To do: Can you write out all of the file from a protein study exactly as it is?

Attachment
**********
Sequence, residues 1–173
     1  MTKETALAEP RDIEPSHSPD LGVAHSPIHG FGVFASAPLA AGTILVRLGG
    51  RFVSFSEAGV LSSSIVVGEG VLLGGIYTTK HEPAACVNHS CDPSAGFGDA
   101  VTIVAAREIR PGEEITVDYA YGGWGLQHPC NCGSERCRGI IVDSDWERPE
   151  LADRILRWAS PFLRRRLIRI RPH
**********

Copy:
Sequence, residues 1–173
     1  MTKETALAEP RDIEPSHSPD LGVAHSPIHG FGVFASAPLA AGTILVRLGG
    51  RFVSFSEAGV LSSSIVVGEG VLLGGIYTTK HEPAACVNHS CDPSAGFGDA
   101  VTIVAAREIR PGEEITVDYA YGGWGLQHPC NCGSERCRGI IVDSDWERPE
   151  LADRILRWAS PFLRRRLIRI RPH